That Old Feeling: Best Bette Yet

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For the uninitiated, here are three Soph’ jokes (and did I mention that this column is R-rated?): “I was in bed one night with m’ boyfriend Ernie. He said to me, ‘Soph’, how come you never tell me when you havin’ an orgasm?’ I said to him, ‘Ernie, you’re never around!’” A second: “I was on a honeymoon with m’ boyfriend Ernie. Suddenly, I cut the cheese. Ernie said, ‘Soph, did you just fart?’ I said, ‘Of course I did — d’ya think I always smell like this?’” And finally: “I’ll never forget it, y’ know. Doorbell rang the other day. Answered the door, there was a delivery boy there, delivery boy there with two dozen roses. I grabbed the card. Opened it. Said: ‘Love from your boyfriend Ernie.’ I was havin’ tea with my girlfriend Clementine at the time. I said, ‘Clementine, y’ know what this means? For the next two weeks I’m gonna be flat on m’ back with m’ legs wide open.’ Clementine says to me, ‘What’s the matter with you — ain’t you got a vase?’”

As chanteuse or burlesque comic, in concerts or movies, Midler has put her body to nonstop work. Harnessing the energy of some Rube Goldberg perpetual-motion machine, prancing on those fine filly legs like the winner of the strumpet’s marathon, Bette uses her body as an inexhaustible source of sight gags. She shimmies it, twists it, upends it to reveal polka-dot bloomers. In 1978 at the London Palladium she flashed the front of it; at Harvard in 1976, picking up her Hasty Pudding Award as Woman of the Year, she exposed her sugary buns. She has made a cottage industry of her buxom bosom. In the 1985 album “Mud Will Be Flung Tonight,” she confesses that she once consulted a postage scale to determine just how heavy her breasts were, and “I won’t tell you how much they weigh, but it cost $87.50 to send ‘em to Brazil. Third class.”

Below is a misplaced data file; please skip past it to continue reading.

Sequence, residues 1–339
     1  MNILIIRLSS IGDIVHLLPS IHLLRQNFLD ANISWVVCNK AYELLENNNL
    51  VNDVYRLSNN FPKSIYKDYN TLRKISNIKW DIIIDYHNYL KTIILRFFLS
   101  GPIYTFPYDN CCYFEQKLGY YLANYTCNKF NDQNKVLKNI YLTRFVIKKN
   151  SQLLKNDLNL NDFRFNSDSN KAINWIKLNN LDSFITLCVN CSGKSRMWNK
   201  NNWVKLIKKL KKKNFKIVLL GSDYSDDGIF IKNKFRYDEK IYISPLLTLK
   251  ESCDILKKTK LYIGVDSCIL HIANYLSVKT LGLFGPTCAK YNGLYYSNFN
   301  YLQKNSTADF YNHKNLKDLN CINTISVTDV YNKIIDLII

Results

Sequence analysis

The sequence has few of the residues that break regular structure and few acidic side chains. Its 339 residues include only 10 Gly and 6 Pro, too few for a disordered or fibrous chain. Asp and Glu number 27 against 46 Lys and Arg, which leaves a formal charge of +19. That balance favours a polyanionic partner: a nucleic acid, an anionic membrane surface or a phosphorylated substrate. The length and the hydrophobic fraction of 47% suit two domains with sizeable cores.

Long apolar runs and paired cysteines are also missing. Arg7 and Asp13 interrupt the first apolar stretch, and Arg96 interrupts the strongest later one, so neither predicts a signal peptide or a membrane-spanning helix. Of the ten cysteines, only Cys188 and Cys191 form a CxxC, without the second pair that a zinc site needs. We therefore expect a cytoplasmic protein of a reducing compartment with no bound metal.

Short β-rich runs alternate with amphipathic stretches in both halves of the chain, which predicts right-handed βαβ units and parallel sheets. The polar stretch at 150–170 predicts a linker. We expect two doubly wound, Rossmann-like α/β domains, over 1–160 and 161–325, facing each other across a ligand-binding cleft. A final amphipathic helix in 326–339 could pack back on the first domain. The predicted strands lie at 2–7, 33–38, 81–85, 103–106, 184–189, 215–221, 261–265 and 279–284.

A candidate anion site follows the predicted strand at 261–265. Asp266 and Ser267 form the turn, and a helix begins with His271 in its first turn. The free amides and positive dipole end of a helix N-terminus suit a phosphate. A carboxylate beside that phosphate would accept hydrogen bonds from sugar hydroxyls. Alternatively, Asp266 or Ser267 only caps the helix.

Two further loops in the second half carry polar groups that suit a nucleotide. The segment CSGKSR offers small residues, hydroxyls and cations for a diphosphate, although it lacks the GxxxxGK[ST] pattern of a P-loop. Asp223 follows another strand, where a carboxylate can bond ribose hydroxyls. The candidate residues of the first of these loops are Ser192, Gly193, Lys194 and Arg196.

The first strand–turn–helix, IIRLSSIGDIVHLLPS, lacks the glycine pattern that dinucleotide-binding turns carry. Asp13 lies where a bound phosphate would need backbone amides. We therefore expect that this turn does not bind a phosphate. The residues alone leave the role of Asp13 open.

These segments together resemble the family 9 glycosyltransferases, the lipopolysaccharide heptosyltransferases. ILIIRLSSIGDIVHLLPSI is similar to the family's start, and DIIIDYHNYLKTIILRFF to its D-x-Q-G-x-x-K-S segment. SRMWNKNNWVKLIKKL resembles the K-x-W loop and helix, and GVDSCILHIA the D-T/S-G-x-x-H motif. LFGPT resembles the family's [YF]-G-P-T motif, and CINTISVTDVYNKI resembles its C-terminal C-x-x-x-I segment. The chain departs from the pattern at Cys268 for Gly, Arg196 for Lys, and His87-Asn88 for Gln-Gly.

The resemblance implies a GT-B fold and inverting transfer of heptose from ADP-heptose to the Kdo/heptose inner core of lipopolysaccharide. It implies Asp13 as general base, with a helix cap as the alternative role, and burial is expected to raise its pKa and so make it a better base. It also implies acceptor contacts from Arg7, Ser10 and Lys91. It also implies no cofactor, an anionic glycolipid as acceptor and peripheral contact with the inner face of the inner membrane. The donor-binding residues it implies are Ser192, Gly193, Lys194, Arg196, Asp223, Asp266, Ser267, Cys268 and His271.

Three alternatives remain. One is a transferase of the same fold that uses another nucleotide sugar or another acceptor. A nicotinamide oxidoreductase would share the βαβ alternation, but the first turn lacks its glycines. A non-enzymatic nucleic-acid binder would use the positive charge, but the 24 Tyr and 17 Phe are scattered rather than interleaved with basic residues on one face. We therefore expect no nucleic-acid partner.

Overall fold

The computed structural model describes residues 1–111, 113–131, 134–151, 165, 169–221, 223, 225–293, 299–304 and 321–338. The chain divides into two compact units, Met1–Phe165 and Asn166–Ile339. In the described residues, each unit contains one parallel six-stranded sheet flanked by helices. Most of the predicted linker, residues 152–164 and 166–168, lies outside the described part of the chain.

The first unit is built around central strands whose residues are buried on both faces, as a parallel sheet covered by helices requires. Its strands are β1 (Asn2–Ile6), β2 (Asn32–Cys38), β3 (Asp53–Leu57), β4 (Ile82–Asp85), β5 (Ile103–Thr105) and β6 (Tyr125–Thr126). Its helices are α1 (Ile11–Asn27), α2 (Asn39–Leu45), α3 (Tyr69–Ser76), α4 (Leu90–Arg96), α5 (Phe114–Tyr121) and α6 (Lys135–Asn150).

“Mud” has many such gleaming zircons, written by Midler, Vilanch, Jerry Blatt, Marc Shaiman and lots of other men who find in her the perfect blend of femininity and moth-flapping disrespect. (She pays tribute to them by saying, “More Hebrews worked on this act than built the pyramids.”) In that show she spat out gags about the newly-hot Madonna (“Like a virgin? The only thing that girl will ever do like a virgin is have a baby in a stable. By an unknown father”), the androgynous rock star Prince (“When there’s a sex symbol, I like to know the sex of the symbol”), the California fad for internal spritzing (“Do you ever read the L.A. Weekly? Do you ever notice how many ads for high colonics they have? Is this town that full of shit?”). She played with herself too, so to speak. Of her own newlywed status, she observed: “I married a Kraut. Every night I dress up like Poland and he invades me.”